EL RENO, Okla. (KFOR) – A sailor from Oklahoma who was killed during the attack on Pearl Harbor has been accounted for 80 years after his death.

On Dec. 7, 1941, Navy Fire Controlman 3rd Class Robert T. Stout was assigned to the battleship USS Oklahoma, which was moored at Ford Island, Pearl Harbor.

During the attack by Japanese aircraft, the USS Oklahoma sustained multiple torpedo hits, causing it to capsize. As a result, 429 crewman were killed, including the 21-year-old Stout.

Navy personnel spent years recovering the remains of the deceased crew and interred them in the Halawa and Nu’uanu cemeteries.

In 1947, members of the American Graves Registration Service disinterred the remains and began trying to identify the victims.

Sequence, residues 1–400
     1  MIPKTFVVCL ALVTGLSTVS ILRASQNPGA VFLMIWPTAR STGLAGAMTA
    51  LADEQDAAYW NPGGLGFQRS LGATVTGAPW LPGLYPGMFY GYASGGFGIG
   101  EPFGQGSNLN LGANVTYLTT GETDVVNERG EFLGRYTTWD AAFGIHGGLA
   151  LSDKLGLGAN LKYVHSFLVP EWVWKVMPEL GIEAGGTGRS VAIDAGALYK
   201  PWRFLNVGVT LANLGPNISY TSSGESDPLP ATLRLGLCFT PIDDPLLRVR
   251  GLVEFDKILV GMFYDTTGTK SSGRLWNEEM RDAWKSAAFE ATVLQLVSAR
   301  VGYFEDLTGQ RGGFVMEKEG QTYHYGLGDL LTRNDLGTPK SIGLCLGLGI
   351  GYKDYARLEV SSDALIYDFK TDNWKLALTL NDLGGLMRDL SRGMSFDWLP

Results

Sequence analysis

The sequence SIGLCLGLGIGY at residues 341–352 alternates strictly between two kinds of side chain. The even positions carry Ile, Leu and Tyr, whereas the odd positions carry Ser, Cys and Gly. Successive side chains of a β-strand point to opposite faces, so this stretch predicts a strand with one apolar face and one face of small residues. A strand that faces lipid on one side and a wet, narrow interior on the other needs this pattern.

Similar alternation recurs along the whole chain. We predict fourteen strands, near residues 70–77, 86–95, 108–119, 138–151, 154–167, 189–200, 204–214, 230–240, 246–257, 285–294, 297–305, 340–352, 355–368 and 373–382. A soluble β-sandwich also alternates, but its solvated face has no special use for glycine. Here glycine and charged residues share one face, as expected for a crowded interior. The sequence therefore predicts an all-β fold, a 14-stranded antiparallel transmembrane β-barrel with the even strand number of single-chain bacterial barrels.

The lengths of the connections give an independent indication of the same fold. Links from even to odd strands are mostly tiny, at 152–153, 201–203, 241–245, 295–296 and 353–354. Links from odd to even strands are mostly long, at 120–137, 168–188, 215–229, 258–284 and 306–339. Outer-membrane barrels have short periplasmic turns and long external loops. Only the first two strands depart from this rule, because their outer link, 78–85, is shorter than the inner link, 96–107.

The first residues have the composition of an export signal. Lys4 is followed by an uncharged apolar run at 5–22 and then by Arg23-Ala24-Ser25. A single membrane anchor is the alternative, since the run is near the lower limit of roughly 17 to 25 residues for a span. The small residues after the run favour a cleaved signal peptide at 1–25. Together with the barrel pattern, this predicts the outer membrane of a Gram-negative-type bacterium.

For those who could not be identified, their remains were placed in 46 plots at the National Memorial Cemetery of the Pacific. In 1949, a military board classified those who could not be identified as non-recoverable, including Stout.

In recent years, the Defense POW/MIA Accounting Agency has used dental and anthropological analysis to try and and identify those remains.

In 2020, scientists were able to identify Stout’s remains.

Stout will be buried in Cottonwood, California at a later date.